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A tree falls, a rebuild begins

Alex Veltman, right, and Yvonne Castillo relax on their front patio in the house they remodeled after it was crushed by a falling tree. (Bill O'Leary/The Washington Post)

Trees play a big part in Yvonne Castillo and Alex Veltman’s house history. The married couple and their children, now 14 and 12, bought their house in Bethesda, Md., in part because of the canopy of trees around the house.

“We fell in love with the Japanese maple at the front of the house and the location because we can walk to downtown Bethesda and to both the NIH [National Institutes of Health] and Bethesda Metro stations,” says Castillo. “We liked the scale of the house, which is not too large, and planned someday when we could afford it to remodel it into a more contemporary style.”

Castillo, a risk management consultant for architects and formerly a lobbyist for the American Institute of Architects, had a list of architects they planned to consider for a future remodel. She and Veltman, an attorney, admired the design philosophy of Sarah Susanka, author of “The Not So Big House,” which emphasizes quality over quantity, smart design and attention to detail.

Their interest in architecture turned out to be prescient. They bought the house in 2017 and eight months after they moved in, a tree on the side of their property fell through the main bedroom, across the house and crushed their car. Thankfully, no one was home at the time. Castillo had hired someone to inspect the trees before they moved in, but the excessive rain in spring 2018 saturated the ground.

“All we were able to salvage from the original house were a few glass doorknobs,” says Veltman. “We considered fixing the property instead of tearing it down, but it was a lost cause.”

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Castillo and Veltman hired Jim Rill, principal of Rill Architects in Bethesda, and Kay Kim, an architect with Rill, to design a new residence that fit the small lot and their dream of creating a comfortable, contemporary not-so-big house of their own.

“The whole property is about outdoor living,” says Rill. “We designed an outdoor living room around the Japanese maple tree in front that connects with glass walls to the indoor living room straight through to the screened porch at the back of the house.”

Wood ceilings, floors and built-in wood screens enhance the effect of indoor-outdoor living throughout the house, which has about 3,100 finished square feet including the basement level. The house covers as much of the lot as zoning rules allowed, with decks, patios and porches rather than a lawn providing outdoor living space.

“I like to call this style of home ‘naturesque’ because of the way they live outdoors like they’re inside and inside like they’re outside,” says Rill.

Design on a budget

Castillo and Veltman received some insurance reimbursement for the tree damage, but the coverage was only enough to replace everything to a basic level.

“The insurance money was a kick-starter for our new home, not a windfall,” says Castillo. “It was basically the down payment on the construction loan.”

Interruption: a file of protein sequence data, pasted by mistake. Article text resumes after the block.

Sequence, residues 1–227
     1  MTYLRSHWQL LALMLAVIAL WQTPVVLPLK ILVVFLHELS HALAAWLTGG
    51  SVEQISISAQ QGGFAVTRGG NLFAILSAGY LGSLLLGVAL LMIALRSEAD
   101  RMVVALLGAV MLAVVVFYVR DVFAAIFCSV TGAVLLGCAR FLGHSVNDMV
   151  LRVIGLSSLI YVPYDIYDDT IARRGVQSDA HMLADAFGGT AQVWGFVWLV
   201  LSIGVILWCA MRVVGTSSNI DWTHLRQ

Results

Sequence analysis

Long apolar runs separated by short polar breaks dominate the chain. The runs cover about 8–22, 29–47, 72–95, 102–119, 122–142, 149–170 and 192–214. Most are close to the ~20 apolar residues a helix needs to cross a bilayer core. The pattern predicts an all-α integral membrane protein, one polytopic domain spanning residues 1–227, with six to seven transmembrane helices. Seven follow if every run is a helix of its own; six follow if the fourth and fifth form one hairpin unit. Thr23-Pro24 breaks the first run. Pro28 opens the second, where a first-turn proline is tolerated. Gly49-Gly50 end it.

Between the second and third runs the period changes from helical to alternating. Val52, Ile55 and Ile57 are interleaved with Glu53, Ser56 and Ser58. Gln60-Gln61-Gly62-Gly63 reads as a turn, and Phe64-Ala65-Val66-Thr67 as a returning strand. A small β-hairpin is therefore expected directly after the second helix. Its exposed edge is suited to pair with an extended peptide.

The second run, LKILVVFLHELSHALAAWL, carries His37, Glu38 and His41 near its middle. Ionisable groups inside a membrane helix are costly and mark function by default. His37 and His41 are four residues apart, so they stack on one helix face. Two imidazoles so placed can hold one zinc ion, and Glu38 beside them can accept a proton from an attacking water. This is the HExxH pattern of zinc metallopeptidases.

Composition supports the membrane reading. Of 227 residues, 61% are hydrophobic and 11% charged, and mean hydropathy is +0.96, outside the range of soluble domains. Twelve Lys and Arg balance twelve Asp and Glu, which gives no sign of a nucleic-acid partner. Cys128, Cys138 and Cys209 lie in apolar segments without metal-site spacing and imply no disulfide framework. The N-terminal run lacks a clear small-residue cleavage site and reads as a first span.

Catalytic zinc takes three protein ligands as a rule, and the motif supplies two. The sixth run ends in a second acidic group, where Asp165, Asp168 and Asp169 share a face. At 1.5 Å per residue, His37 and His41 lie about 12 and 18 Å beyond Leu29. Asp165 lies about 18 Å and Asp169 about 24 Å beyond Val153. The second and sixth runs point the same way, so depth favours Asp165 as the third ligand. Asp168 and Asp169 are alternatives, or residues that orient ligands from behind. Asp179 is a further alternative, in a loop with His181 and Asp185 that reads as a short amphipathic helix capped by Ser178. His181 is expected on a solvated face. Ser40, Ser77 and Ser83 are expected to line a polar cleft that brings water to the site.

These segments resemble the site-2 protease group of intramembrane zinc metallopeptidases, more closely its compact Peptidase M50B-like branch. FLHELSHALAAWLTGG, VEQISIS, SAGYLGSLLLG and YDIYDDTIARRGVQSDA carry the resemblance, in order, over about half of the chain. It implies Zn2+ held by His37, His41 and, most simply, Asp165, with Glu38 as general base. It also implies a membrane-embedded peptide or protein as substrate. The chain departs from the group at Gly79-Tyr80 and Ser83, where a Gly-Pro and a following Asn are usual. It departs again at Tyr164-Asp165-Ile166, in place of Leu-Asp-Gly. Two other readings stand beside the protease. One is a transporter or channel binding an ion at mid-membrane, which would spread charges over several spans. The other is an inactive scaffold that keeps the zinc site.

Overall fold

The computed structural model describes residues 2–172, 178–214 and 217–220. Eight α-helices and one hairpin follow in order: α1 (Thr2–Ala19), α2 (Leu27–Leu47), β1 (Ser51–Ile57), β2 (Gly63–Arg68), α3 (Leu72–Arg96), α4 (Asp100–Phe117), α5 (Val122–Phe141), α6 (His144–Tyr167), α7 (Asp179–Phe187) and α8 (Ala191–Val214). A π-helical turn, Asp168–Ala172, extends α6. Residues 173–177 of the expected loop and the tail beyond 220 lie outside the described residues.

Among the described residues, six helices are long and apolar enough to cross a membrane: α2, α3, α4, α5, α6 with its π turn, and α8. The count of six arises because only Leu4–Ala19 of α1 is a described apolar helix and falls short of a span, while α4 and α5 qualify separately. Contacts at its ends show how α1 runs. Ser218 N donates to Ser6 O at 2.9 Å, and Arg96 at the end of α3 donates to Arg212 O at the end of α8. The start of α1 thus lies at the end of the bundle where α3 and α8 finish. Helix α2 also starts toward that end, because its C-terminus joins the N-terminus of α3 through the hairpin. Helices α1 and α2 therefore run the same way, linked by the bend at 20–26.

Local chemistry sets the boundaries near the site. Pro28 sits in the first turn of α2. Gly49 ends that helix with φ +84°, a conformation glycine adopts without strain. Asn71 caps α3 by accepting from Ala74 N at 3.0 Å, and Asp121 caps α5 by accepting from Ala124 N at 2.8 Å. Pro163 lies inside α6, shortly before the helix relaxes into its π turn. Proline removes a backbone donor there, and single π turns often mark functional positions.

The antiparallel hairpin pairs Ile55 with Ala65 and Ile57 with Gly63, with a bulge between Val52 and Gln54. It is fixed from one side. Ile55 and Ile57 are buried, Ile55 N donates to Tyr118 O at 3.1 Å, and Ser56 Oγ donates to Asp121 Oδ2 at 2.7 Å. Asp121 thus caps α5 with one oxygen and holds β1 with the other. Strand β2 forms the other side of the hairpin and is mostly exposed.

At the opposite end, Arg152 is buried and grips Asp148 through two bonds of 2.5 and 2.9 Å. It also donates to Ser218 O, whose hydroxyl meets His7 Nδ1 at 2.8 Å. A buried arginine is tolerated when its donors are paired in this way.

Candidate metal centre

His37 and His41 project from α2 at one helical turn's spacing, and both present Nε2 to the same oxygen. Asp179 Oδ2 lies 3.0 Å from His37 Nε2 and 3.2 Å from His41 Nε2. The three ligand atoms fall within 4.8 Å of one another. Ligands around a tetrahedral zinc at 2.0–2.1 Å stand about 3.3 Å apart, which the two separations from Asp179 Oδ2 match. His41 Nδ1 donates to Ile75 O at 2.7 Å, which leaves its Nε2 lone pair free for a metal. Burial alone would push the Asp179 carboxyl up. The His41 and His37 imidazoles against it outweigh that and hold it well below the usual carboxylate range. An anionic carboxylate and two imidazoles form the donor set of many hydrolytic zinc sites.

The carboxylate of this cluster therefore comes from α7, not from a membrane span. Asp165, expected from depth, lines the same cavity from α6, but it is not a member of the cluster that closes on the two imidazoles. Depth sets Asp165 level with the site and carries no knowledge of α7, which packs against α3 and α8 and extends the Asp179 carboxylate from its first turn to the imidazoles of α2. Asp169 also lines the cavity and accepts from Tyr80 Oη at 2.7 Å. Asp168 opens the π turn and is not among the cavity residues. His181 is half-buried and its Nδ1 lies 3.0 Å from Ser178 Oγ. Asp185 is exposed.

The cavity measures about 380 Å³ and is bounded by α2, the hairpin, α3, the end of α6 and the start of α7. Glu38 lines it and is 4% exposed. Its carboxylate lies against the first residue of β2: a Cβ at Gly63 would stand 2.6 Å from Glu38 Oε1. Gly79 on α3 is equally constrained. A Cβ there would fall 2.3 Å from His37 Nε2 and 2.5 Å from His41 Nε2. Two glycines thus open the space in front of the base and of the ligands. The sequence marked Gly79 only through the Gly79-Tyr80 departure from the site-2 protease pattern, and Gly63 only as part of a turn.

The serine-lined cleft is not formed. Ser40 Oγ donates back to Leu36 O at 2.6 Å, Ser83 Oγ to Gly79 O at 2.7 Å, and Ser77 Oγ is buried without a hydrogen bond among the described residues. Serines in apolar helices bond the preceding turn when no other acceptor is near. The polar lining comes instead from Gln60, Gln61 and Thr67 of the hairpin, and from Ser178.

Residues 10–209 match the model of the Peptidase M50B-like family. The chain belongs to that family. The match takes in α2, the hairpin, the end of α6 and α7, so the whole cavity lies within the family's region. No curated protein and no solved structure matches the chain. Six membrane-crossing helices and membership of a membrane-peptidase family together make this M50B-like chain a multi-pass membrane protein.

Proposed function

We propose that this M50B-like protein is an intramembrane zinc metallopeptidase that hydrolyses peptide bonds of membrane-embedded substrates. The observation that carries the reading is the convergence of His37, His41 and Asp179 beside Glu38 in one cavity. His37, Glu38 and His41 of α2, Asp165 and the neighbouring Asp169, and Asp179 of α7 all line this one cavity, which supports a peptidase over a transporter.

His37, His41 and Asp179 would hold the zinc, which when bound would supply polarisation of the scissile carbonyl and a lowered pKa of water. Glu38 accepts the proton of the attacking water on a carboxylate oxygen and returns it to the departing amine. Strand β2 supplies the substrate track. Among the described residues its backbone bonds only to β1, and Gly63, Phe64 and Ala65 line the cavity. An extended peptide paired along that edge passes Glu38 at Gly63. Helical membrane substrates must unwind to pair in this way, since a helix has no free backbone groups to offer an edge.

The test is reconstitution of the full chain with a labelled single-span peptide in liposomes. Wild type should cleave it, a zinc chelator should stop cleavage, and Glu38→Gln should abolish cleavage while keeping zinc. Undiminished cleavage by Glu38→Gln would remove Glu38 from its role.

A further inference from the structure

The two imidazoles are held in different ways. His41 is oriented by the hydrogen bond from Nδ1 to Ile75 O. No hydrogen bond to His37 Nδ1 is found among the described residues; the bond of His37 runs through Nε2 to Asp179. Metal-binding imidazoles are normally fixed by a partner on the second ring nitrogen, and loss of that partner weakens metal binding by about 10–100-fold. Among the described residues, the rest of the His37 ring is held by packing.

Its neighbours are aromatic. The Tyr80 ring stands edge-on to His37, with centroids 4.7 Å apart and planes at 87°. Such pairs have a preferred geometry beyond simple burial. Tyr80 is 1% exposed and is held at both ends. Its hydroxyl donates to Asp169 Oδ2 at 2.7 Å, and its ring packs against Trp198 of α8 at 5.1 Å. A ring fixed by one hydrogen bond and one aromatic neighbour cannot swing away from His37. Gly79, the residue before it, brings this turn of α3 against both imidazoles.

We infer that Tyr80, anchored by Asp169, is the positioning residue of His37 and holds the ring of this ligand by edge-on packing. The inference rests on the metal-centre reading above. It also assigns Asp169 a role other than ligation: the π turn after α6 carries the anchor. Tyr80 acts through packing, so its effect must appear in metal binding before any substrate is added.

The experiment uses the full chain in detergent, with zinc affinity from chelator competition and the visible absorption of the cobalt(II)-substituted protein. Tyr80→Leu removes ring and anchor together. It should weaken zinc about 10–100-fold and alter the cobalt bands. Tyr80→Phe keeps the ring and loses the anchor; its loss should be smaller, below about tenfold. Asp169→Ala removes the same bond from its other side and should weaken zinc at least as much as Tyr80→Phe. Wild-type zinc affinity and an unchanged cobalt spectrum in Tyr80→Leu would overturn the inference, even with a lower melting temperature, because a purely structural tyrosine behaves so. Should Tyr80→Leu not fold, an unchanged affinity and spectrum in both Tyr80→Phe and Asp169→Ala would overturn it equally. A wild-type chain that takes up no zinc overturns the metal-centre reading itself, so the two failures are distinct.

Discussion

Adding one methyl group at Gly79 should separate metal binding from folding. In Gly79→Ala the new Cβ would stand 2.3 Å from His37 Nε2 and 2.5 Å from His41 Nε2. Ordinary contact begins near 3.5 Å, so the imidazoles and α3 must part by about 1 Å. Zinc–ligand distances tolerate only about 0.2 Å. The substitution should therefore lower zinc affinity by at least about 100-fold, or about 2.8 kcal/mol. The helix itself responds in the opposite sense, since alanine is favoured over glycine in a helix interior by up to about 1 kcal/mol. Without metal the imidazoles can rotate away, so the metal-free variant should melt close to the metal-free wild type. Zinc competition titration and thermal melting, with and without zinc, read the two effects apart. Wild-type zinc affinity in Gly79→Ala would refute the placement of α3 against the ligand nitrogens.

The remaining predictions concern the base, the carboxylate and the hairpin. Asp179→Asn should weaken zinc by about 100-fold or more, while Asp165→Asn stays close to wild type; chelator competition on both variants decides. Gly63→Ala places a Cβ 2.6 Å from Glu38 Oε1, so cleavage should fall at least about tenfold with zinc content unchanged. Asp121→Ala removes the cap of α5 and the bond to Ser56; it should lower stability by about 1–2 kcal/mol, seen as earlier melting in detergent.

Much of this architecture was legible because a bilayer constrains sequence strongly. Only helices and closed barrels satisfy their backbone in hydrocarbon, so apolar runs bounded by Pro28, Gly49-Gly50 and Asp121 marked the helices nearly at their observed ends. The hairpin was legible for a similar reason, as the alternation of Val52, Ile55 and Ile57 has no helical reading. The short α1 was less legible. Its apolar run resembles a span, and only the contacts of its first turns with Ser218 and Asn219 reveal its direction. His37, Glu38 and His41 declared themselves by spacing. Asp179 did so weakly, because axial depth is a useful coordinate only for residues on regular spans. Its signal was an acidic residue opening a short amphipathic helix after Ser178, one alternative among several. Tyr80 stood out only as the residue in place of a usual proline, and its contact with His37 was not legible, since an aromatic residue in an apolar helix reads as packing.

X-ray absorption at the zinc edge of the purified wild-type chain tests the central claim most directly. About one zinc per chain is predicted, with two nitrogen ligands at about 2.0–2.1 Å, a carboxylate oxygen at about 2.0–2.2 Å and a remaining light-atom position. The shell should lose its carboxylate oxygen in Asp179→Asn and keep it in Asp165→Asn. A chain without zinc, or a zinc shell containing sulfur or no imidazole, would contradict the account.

The home is still a work in progress as the couple waits to save more money for built-in shelving, a banquette and dining table in the dining area, a hot tub and more landscaping for the back of the house. The couple declined to disclose the cost of their new home except to say that they spent less on it than the value of other renovated homes in their neighborhood.

“Needing to stick to a budget inspired us to be more creative,” says Veltman. “There were lots of interesting concepts that we might have tried if we had more money to spend, but we were able to compromise on some things and delay others.”

For example, the living and dining area and the bedrooms have pine ceilings rather than a more costly wood. “We used more expensive wood for the screens in the living room and the bench by the front door because they’re more like architecture as art,” says Rill. “Yvonne and Alex’s attention to quality over size will bring great value to this house. If they ever decide to sell it, it will go for more than some of the larger McMansion renovations in the neighborhood.”

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Castillo and Veltman are also saving money with sustainability features.

“We used recycled materials everywhere we could,” says Rill. “We designed the house to be passive solar with overhangs to protect the house from the sun and wind and used spray foam insulation for increased energy efficiency. All the appliances and systems are energy efficient, too.”

The couple buys power for their all-electric house from a solar microgrid.

“We almost never need air conditioning because we get cross breezes throughout the house,” says Castillo. “Ninety percent of the windows are operable.”

Zen and the art of sanctuary

Rill and Kim collaborated with Castillo and Veltman to achieve the couple’s desire to incorporate natural materials, a Japanese aesthetic, pampering elements and plenty of smart storage throughout the home.

“One thing I really like about Jim’s work is that all the houses look different, there’s no set look to them,” says Castillo.

Rill says that his company’s goal is to have clients participate in every aspect of the design. Both Castillo and Veltman worked with the architects to create the open floor plan they desired. Privacy is enhanced with wood overhangs on the front and back of the house, along with plants that Veltman chose with the help of Susanna Farm Nursery in Boyds, Md.

“We want to feel like we’re living in a garden but we’re also careful not to make the plants overwhelming,” says Veltman.

The screened porch at the back of the house includes a wood-beamed ceiling and a wood-burning fireplace. The adjacent deck has an outdoor shower.